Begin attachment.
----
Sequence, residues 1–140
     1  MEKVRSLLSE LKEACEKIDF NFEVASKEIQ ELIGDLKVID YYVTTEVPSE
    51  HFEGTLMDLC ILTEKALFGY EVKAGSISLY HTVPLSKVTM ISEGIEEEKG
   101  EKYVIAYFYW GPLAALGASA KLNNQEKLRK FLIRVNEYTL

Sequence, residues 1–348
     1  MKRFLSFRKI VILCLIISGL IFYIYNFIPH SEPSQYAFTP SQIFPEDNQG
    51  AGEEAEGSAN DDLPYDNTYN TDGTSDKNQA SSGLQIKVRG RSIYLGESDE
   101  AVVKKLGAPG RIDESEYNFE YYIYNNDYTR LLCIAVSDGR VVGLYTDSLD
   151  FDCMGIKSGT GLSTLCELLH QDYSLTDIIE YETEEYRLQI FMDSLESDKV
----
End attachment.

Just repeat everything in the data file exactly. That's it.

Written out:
Sequence, residues 1–140
     1  MEKVRSLLSE LKEACEKIDF NFEVASKEIQ ELIGDLKVID YYVTTEVPSE
    51  HFEGTLMDLC ILTEKALFGY EVKAGSISLY HTVPLSKVTM ISEGIEEEKG
   101  EKYVIAYFYW GPLAALGASA KLNNQEKLRK FLIRVNEYTL

Sequence, residues 1–348
     1  MKRFLSFRKI VILCLIISGL IFYIYNFIPH SEPSQYAFTP SQIFPEDNQG
    51  AGEEAEGSAN DDLPYDNTYN TDGTSDKNQA SSGLQIKVRG RSIYLGESDE
   101  AVVKKLGAPG RIDESEYNFE YYIYNNDYTR LLCIAVSDGR VVGLYTDSLD
   151  FDCMGIKSGT GLSTLCELLH QDYSLTDIIE YETEEYRLQI FMDSLESDKV